Some words. Jelly Roll Morton was not happy to have his music popularized by others during his lifetime (think of Fletcher Henderson, Benny Goodman, and others selling millions of copies of KING PORTER STOMP and WOLVERINE BLUES) but in some way there was a Morton “revival” going on for the last decade of his life. And with good reason: the compositions themselves are substantial, full of surprises that haven’t aged, and the recorded performances are fascinating marriages of hot improvisation and established structures.

But because Morton was such a powerful personality — man, composer, arranger, giver of dicta that should be obeyed — tributes to him have often not been easy or their results satisfying. Sometimes ensembles have been reverent and obedient: we must play it exactly the way the Red Hot Peppers did on the record, and those results are dazzling in their own way but I am not sure Omer Simeon would have liked people treating his solo as holy writ, to be repeated forever, with musicians subsuming their own identities in those manuscripts and recordings. (And Morton’s recordings have their own vivid force, not easy to replicate.) The other extreme, with a bunch of good people “jamming” on WOLVERINE BLUES and SWEET SUBSTITUTE, can be thrilling, but the results are at a distance from the exactitude Morton brought to his gigs and the recording studio.

The Mortonia Seven takes some and leaves some from both worlds: you can easily hear the outlines and structures of the original compositions and recordings, executed with style and grace, but the musicians’ personalities come through whole. And the result is lively, not studied — hot and sweet, raucous and melancholy, as the music demands.

There are a half-dozen more performances from this set that I will share with you. For now, I’m going to watch these three again, mop my brow, and grin. Join me!

May your happiness increase!

“STEAK FACE”: JOSH COLLAZO with MARC CAPARONE’S BACK O’TOWN ALL-STARS (Redwood Coast Music Festival, September 30, 2022)

Josh Collazo by Jessica Keener

Honoring Sidney Catlett while remaining completely himself: that’s what the masterful artist-percussionist Josh Collazo does here in spellbinding ways. It was the set closer of Marc Caparone’s Back O’Town All-Stars set at the Redwood Coast Music Festival because nothing — except perhaps SLEEPY TIME DOWN SOUTH or the national anthem could follow that.

And for those of us who understand the music, STEAK FACE (named for Louis’ Boston terrier, a happy carnivore) IS a national anthem. It’s thrilling, a complete drama embodied on a drum set.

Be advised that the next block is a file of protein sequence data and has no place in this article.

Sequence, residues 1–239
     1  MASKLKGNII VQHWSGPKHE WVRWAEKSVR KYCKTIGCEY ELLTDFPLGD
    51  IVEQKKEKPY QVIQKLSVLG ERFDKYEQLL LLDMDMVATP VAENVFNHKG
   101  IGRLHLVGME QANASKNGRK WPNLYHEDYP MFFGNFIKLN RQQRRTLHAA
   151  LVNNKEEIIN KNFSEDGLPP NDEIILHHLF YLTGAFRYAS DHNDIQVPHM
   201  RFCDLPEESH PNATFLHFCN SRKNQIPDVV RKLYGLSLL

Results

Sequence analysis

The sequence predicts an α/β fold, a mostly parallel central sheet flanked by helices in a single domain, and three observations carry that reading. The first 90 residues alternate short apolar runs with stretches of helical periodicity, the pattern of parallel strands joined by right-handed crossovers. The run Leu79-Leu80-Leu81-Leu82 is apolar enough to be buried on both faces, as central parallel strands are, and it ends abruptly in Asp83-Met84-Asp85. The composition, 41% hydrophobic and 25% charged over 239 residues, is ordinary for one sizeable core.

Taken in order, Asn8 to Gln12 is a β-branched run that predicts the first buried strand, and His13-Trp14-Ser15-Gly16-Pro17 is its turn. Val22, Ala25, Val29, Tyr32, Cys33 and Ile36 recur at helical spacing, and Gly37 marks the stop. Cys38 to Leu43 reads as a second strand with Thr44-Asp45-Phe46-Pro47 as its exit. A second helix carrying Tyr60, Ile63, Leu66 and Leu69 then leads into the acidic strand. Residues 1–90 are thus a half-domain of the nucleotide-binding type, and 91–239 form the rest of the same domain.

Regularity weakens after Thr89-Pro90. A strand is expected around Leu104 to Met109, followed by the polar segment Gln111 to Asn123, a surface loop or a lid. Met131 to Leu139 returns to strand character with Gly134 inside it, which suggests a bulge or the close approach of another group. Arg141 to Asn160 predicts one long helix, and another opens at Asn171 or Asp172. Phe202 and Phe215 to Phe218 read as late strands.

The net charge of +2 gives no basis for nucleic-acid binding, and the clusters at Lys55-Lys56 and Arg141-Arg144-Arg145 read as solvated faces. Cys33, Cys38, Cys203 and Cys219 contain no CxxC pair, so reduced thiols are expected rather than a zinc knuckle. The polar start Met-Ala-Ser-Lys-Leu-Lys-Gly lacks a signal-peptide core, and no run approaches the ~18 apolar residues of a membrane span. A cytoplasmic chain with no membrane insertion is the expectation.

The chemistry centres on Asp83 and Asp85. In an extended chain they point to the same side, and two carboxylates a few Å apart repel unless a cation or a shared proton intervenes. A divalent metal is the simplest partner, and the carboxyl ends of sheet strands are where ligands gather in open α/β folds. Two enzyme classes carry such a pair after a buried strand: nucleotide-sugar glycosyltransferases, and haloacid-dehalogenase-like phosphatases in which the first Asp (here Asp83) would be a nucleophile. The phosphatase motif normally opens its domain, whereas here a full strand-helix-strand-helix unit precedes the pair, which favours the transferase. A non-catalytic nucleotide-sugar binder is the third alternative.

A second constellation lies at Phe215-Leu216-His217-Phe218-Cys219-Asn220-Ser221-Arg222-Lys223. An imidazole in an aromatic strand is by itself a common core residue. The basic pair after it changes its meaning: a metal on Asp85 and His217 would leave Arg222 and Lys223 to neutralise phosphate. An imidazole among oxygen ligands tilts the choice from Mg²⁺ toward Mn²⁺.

The band is modeled on Louis Armstrong’s All-Stars, majestically. Marc Caparone, trumpet, vocal; Charlie Halloran, trombone; Jacob Zimmerman, clarinet and alto saxophone; Dan Walton, piano; Jamey Cummins, guitar; Steve Pikal, string bass; Josh Collazo, drums. This marvelous six-minute natural event took place at the Redwood Coast Music Festival, Eureka, California, September 30, 2022:

Josh inhabits the world of that solo so splendidly that it would be an affront to post a photograph of Big Sid here. But I hope he’ll forgive me for posting the source of this composition’s title: “General,” Louis Armstrong’s Boston terrier (Joe Glaser bred dogs) who obviously had deep culinary awareness:

but the real story is told here . . . STEAK FACE in action!

I apologize if the canine candids have distracted you from the glories Josh and the band create — music, to paraphrase Whitney Balliett, that makes you want to dance and shake and shout. All in six minutes: beyond remarkable.

May your happiness increase!

DAVE STUCKEY and THE HOT HOUSE GANG PREACH A MELLOW SERMON AGAINST HYPOCRISIES (Redwood Coast Music Festival, September 30, 2022)

Try to behave better, will you?

WHY DON’T YOU PRACTICE WHAT YOU PREACH has a strong pedigree: recordings by Henry “Red” Allen, the Boswell Sisters, Adrian’s Ramblers, 1934 dance bands, and more. (There are two delightfully odd versions on YouTube — a 1935 duet on film by vaudevillians Blossom Seeley and Benny Davis, and a nearly surrealistic piano / vocal explosion by Speckled Red . . . for you to investigate as you might.)

I suspect that the gentleman in the drawing is “all alone by the telephone,” waiting for the call, promised, that hasn’t arrived.

And for those who want to learn the verse or see the original chords, here is a sample of what people in 1934 would have to practice: